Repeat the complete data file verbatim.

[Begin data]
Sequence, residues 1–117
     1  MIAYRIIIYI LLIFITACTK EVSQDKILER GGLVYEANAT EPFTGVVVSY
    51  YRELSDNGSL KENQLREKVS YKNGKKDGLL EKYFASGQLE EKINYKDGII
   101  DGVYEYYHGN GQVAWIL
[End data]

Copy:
Sequence, residues 1–117
     1  MIAYRIIIYI LLIFITACTK EVSQDKILER GGLVYEANAT EPFTGVVVSY
    51  YRELSDNGSL KENQLREKVS YKNGKKDGLL EKYFASGQLE EKINYKDGII
   101  DGVYEYYHGN GQVAWIL